The other stories in Creative Surgery are equally inventive and compelling in ways that touch on themes of identity and the literal construction of reality. Many of the characters are artists of one kind or another, and each one plays with ideas of deception and artifice, sometimes to achieve good, sometimes to serve selfish interests, sometimes to follow passions determined by forces that are little understood.
The second story, Gabola, is in some ways the most challenging, switching as it does from first to third person segments, though almost always from the point of view of the title character. He is another artist, his name apparently a play on a word for trash. One of his skills is to make fake reproductions of ancient pottery to fool the thieves who are breaking into the sacred tombs on a hill known as Little Tuva. It turns out this is one strategy Gabola uses to protect the hill from being destroyed, not just by thieves, but by a developer who is determined to smash the ruins of the past and raise new apartment blocks. It turns out that another skill Gabola uses to make money is to sell skills to people, like the ability to learn a language or play a musical instrument, without the usual effort of long training. He does this by having people consume the fresh eggs of sea urchins! (Don’t ask how that works.) And he turns this skill into a complex deception designed to save Little Tuva.
The title story, Creative Surgery, is a novella that is the strangest of all. One of its central characters is Vi, an immensely skillful surgeon who has turned to the grotesque fashion of assembling chimeras out of the body parts of different animals, sometimes including the tissue of human fetuses. The narrator is her helper. He has the ability to weld together the finest components of the little chimeras Vi creates through tiny electrodes in his fingertips. This sounds like it could be pure body horror, but somehow Farris avoids the merely gruesome aspects of this work and focuses on the drive people have to change every aspect of their appearance. Despite the fashion for creating perfect bodies, Vi herself cultivates a different look. The narrator is stunned by the appearance of bags under her eyes:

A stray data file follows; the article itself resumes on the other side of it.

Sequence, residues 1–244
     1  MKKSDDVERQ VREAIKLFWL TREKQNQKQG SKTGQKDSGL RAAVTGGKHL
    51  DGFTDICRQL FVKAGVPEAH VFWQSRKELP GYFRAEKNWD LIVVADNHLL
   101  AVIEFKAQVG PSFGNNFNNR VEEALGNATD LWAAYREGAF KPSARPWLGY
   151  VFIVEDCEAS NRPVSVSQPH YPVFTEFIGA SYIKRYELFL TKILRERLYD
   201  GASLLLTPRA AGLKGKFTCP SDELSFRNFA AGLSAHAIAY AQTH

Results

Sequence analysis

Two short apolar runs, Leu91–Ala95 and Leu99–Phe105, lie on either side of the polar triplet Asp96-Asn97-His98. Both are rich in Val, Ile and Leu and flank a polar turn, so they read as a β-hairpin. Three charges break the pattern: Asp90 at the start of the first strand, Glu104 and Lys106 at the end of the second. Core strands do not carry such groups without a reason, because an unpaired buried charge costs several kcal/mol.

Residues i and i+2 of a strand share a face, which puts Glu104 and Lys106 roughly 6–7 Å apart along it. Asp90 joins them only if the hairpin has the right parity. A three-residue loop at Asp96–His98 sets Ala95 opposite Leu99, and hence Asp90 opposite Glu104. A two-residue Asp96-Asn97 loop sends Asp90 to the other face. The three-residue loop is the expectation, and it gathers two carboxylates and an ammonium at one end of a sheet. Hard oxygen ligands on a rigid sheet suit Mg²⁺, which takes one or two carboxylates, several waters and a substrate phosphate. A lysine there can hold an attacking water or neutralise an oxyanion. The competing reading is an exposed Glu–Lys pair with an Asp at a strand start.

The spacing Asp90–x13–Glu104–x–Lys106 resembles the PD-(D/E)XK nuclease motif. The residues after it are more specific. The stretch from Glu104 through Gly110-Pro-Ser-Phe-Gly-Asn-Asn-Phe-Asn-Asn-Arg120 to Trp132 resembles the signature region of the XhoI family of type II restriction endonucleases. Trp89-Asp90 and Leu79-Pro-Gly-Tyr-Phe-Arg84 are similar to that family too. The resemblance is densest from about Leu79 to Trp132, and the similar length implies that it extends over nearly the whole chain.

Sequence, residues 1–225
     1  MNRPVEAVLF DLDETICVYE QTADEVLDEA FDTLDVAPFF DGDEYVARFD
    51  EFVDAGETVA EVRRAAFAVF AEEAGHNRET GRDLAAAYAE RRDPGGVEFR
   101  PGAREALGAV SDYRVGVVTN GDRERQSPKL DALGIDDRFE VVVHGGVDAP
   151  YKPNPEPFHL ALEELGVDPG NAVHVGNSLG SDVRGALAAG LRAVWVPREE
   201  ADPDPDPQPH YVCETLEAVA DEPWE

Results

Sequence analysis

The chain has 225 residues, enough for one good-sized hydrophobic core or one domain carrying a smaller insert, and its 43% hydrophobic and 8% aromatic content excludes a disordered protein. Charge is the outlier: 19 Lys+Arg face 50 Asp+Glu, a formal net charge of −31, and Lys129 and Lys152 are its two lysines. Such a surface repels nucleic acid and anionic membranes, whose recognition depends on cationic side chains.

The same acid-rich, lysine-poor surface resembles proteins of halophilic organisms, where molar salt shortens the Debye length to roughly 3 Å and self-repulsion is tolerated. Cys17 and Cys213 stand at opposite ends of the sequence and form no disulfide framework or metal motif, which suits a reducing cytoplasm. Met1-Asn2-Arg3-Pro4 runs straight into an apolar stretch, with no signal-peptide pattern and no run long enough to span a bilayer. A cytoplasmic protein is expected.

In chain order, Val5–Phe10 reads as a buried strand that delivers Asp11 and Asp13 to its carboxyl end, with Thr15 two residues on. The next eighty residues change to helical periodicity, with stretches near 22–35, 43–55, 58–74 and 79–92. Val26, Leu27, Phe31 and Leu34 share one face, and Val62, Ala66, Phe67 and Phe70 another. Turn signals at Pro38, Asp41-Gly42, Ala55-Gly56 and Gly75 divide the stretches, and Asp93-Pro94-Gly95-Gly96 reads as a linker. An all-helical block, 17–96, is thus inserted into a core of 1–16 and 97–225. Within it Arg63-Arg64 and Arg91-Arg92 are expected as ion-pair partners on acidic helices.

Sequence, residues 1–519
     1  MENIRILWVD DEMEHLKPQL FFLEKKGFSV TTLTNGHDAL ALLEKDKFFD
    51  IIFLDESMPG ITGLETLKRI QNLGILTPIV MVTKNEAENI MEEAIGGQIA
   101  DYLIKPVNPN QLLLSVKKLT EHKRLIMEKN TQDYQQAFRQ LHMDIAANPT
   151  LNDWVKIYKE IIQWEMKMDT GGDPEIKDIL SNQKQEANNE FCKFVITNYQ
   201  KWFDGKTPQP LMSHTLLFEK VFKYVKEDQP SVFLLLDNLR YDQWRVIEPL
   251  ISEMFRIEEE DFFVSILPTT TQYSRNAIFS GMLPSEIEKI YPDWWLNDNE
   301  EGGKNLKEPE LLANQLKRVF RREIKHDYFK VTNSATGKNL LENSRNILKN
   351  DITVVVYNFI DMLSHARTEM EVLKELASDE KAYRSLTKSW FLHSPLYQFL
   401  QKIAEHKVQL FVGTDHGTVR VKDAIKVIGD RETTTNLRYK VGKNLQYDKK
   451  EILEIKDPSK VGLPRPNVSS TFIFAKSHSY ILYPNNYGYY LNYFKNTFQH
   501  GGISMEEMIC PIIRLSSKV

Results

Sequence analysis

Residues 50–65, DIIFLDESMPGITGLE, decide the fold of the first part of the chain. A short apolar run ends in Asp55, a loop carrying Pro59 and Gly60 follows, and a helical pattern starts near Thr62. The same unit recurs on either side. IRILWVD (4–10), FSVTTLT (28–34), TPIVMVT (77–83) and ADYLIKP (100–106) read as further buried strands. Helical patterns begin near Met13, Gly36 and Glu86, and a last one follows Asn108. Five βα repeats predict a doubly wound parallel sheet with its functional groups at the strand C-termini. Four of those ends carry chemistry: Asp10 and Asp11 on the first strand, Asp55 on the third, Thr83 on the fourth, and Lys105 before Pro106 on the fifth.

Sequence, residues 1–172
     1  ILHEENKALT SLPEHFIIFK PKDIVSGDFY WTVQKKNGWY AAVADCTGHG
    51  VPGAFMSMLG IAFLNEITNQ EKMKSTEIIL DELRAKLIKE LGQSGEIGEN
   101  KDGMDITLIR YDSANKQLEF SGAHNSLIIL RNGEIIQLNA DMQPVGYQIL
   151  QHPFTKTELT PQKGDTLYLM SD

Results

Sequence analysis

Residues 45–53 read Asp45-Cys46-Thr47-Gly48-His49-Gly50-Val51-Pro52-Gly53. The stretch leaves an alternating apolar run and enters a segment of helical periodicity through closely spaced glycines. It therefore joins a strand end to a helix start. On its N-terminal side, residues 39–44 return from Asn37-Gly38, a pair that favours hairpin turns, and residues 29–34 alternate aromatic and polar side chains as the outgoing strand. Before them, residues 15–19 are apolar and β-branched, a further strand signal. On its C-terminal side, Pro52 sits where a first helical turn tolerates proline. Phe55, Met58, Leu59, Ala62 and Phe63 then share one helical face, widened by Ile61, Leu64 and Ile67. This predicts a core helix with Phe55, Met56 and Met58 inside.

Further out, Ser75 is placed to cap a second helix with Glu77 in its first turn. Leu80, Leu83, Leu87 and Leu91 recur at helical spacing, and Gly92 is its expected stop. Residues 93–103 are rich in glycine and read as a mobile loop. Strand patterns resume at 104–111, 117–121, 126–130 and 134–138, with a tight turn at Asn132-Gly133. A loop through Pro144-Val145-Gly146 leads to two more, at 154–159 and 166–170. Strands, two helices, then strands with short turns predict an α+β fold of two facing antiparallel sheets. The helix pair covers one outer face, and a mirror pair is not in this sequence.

Good God, those bags! They were like two cobalt-colored beaches on which the turquoise waves of her irises broke. She wasn’t ashamed of them. In fact, she wore them the way other women wear earrings. They formed part of her face on par with her rounded chin and thin lips. Not many people go out nowadays with their own face; nowadays everyone is all sugary, fleshed out, and smoothed off; everyone’s face is a blackboard waiting for the duster.Creative Surgery, Kindle edition, Location 1669
The art and science of surgery becomes a mania of transformation for its own sake. The narrator is a prime example. He takes the money Vi earns from her strange creations and uses it to inject himself with as many hormones and chemicals as possible to give himself a beautiful appearance. Medical students slobber all over him to get samples they can use to clone.
I bathe in the envy of others, both male and female. They undress me with their eyes. They sniff the air I stir. I am homo novus, imperfect and luminous. I don’t need to abide by the golden mean! My supreme virtue is expressed in a short yet powerful phrase: I am me. How many of you lot, copies of copies, can say the same?Creative Surgery, Kindle edition, Location 1940
Yet all of this beauty is artificial, and he and Vi become embroiled in a dispute about not only what constitutes genuine physical appearance of the self but also the desires and passions that each of them follow. In the end it can all be undone.
These are powerful stories that bring to mind the worlds of Gibson and Vandermeer and Bruno Schulz but with a unique twist that only Clelia Farris has mastered. The language of this book alone is a marvel, thanks to the brilliant translators as well as the original genius of the author. I’ll keep an eye out for more of her work to appear in English.